Indeed, McCain's suitability for the presidency at this moment begins with how he would conduct the nation's foreign affairs. As noted, we do not support his determination to fight on in Iraq, but we welcome his insistence that America's military posture be matched by its moral purpose. Alone among the Republican candidates, he would close the detention center in Guantanamo Bay, Cuba, which has become an international symbol of U.S. arrogance. He has waged a principled and persistent effort to end the Bush administration's embrace of torture as a weapon of war, a frightening concession to terrorism and an abdication of basic American values. He alone among the Republican candidates has condemned torture in all its forms; he alone among all the candidates in this race has endured it.McCain's revival is the most remarkable in the last half-century of presidential politics. In November, he borrowed money to keep his campaign afloat and was required to purchase a special life insurance policy in the event he passed away during his campaign. My, how times change! Now, Republican officeholders from coast-to-coast are falling over themselves to make endorsements before Super Tuesday.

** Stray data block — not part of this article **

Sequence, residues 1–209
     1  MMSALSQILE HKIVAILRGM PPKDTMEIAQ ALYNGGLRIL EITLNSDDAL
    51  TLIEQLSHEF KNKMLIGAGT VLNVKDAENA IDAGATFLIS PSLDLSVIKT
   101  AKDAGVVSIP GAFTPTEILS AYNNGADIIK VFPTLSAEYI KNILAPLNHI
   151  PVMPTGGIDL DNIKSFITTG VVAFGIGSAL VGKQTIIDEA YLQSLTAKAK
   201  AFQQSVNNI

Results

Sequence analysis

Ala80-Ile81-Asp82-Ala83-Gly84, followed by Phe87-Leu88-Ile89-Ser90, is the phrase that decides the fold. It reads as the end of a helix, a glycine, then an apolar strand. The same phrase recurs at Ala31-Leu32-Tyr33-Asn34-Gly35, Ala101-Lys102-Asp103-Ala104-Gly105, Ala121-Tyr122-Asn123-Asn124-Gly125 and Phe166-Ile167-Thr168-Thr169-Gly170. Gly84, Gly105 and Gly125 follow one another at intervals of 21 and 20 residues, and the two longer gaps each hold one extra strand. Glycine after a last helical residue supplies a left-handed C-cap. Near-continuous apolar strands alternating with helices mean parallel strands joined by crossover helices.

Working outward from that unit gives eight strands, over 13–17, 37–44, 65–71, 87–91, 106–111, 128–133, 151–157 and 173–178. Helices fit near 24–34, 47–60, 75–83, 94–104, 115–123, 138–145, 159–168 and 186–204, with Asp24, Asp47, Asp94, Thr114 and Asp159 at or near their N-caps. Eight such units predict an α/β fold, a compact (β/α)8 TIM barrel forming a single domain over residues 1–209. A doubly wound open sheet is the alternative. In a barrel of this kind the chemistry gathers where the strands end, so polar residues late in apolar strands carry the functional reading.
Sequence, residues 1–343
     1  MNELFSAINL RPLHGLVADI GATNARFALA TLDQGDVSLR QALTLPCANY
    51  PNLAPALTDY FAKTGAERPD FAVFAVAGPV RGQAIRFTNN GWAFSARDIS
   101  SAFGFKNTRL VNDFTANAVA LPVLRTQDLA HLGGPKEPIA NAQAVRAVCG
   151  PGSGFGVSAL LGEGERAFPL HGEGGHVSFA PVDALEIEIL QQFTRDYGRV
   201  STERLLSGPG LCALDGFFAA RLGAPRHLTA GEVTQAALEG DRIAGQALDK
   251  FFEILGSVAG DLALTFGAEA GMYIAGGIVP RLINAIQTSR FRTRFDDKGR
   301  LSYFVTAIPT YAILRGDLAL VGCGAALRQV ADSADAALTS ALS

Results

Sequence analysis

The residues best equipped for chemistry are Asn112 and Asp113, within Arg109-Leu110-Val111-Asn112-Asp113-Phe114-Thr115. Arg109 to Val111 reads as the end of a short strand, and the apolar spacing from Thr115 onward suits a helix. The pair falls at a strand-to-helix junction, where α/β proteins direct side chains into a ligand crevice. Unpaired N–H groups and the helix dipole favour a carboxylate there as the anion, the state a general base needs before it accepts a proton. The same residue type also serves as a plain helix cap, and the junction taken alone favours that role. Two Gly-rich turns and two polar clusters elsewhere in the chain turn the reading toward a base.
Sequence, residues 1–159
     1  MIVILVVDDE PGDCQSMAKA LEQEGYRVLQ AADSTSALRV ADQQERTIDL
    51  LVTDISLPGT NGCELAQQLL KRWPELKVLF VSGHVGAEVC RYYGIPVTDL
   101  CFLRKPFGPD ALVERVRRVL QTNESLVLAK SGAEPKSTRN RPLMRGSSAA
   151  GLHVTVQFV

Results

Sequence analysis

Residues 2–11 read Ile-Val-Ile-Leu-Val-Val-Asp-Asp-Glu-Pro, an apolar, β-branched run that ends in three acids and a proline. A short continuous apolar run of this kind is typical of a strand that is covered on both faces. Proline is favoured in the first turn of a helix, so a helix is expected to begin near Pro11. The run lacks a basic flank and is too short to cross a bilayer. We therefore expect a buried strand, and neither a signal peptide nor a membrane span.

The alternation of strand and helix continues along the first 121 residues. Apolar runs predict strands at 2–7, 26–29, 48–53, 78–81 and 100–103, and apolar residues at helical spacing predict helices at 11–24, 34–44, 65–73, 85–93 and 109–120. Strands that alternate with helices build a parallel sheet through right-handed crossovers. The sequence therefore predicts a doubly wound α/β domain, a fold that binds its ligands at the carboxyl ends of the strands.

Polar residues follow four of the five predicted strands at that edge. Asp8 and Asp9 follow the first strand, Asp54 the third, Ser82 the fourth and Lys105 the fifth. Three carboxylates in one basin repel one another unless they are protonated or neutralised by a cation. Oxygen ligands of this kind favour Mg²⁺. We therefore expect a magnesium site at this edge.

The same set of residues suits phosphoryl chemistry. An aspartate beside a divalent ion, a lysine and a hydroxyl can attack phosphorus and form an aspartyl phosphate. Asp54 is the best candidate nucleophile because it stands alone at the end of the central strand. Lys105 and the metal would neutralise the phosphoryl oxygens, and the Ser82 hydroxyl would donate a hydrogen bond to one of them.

Ann gets analytical about Hillary and John.
Not a surprise:
At a Los Angeles news conference, Obama said that he has specifically asked Edwards for his endorsement, although "we haven't had specific conversations about an Obama administration.... He and I share a fundamental view that it is not enough to just change political parties."I figured that Edwards dropped out before Super Tuesday in order to allow Obama enough time to gather Edwards supporters, but he decided not to endorse Obama, in order to keep his options open in the event Hillary wins the nomination. Now, it will be interesting to see what Edwards does. He has to act today, or tomorrow, to have much of an impact. In any event, watching Hillary distort history regarding her vote for the Iraqi war in last night's debate was enough to chase most Edwards supporters into Obama's camp.